FIG. 2B is a perspective view of an alternative grid construction specially designed for a positivegrid. As indicated previously it is the positive grid which is susceptible to corrosion and is likely to expand on aging. Accordingly, the grid is made circular with a peripheral retaining ring for structural strength and stress control. For purposes of defining this novel structure in a preferred form, the peripheral ring should have a thickness of at least twice the thickness of the radial grid members. In FIG. 2B the grid designated 70 is shown with the heavy peripheral retaining ring 71 and the insulating rim 72 which corresponds generally with the rim 42 of FIG. 1. The radial grid members 73 are specially desgined so that upon the growth of the grid, which causes outward stresses on the radial members 73, these arcuate members will merely flex further and therefore will impart a smaller radial stress than would be the case with a grid having straight radial members. Furthermore, the distortion of the radial members is cooperative in the sense that all members will distort in the same direction and pattern, minimizing the tendency of the members to grow together or to buckle as in the case of fiat rectangular grids. As these members expand they continue to exert pressure on the paste pellets held within the spaces of the grid. This is also a result which is not realizable with typical prior art grid designs.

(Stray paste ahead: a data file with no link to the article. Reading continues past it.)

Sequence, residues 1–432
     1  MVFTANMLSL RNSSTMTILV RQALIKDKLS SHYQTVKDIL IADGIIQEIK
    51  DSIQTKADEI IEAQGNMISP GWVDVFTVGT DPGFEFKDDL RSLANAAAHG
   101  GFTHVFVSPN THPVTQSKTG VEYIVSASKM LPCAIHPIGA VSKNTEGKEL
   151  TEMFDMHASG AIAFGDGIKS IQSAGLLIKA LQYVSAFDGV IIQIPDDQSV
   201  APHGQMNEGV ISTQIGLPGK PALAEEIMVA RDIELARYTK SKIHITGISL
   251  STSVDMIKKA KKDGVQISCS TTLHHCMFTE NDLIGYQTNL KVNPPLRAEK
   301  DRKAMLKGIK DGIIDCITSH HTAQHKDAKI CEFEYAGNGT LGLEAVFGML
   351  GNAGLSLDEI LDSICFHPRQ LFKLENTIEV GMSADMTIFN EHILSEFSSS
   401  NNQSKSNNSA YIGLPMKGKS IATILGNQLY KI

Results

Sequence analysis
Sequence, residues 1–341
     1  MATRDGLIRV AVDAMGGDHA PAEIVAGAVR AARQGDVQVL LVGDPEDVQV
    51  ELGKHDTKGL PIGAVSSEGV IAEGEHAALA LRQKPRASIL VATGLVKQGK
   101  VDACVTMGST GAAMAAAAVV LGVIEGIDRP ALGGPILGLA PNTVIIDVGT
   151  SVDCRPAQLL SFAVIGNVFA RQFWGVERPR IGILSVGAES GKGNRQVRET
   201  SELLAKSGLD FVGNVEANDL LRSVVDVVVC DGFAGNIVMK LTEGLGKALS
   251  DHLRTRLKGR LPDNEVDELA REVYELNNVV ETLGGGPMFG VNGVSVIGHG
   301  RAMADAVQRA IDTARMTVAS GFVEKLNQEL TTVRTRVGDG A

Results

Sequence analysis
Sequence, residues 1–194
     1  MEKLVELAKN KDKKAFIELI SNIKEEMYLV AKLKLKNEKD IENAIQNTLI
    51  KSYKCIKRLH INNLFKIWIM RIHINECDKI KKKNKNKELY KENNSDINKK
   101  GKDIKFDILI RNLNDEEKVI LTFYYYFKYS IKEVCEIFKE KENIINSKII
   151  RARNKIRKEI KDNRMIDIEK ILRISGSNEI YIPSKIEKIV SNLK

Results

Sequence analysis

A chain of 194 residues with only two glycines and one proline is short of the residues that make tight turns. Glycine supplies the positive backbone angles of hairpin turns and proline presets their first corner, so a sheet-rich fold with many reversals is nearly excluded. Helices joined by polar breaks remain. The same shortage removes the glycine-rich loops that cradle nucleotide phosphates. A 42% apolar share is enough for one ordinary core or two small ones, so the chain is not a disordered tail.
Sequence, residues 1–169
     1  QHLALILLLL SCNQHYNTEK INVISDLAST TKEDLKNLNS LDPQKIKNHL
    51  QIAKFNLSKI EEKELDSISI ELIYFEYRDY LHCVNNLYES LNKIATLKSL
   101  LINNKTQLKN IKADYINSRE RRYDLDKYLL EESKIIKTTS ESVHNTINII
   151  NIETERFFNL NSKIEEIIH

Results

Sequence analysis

As indicated previously the grid area must be inclined although it is not considered critical whether the grids are inclined toward, or away from, the center of the cell. The angle which the grid surface makes with the horizontal is a matter of choice. The angle must-be great enough to encourage the dispelling of gases formed on the grid surfaces during operation. However, from a structural viewpoint small angles are favorable. It is believed that a useful range of angles is prescribed by the range to 40. With certain minor modifications of the cell construction, particularly in the venting arrangement, the cell can be used with the grids placed side-by-side in a horizontal stack. In this case the grids may be flat. This mode of operation is considered the full equivalent of the vertically stacked assembly described in detail herein.
The grids are pasted in a standard manner and the paste used and pasting method form no part of this invention. A typical pasting operation is described in Storage Batteries, 4th ed., by G. W. Vinal, p. 30, et seq, John Wiley & Sons, Inc. To facilitate gas removal, spaces may be provided through each grid in approximate vertical alignment with the adjacent grids in the stack so that a gas path is available from the bottommost grid to the area above the top plate and the vent. With the arrangement of FIG. 1 the gas holes would be in the center of the cell. Four holes equally spaced around the inner periphery are adequate with this design. More holes can be provided if desired. If the grids are inclined in the opposite direction the gas holes should be provided around the periphery of the cell.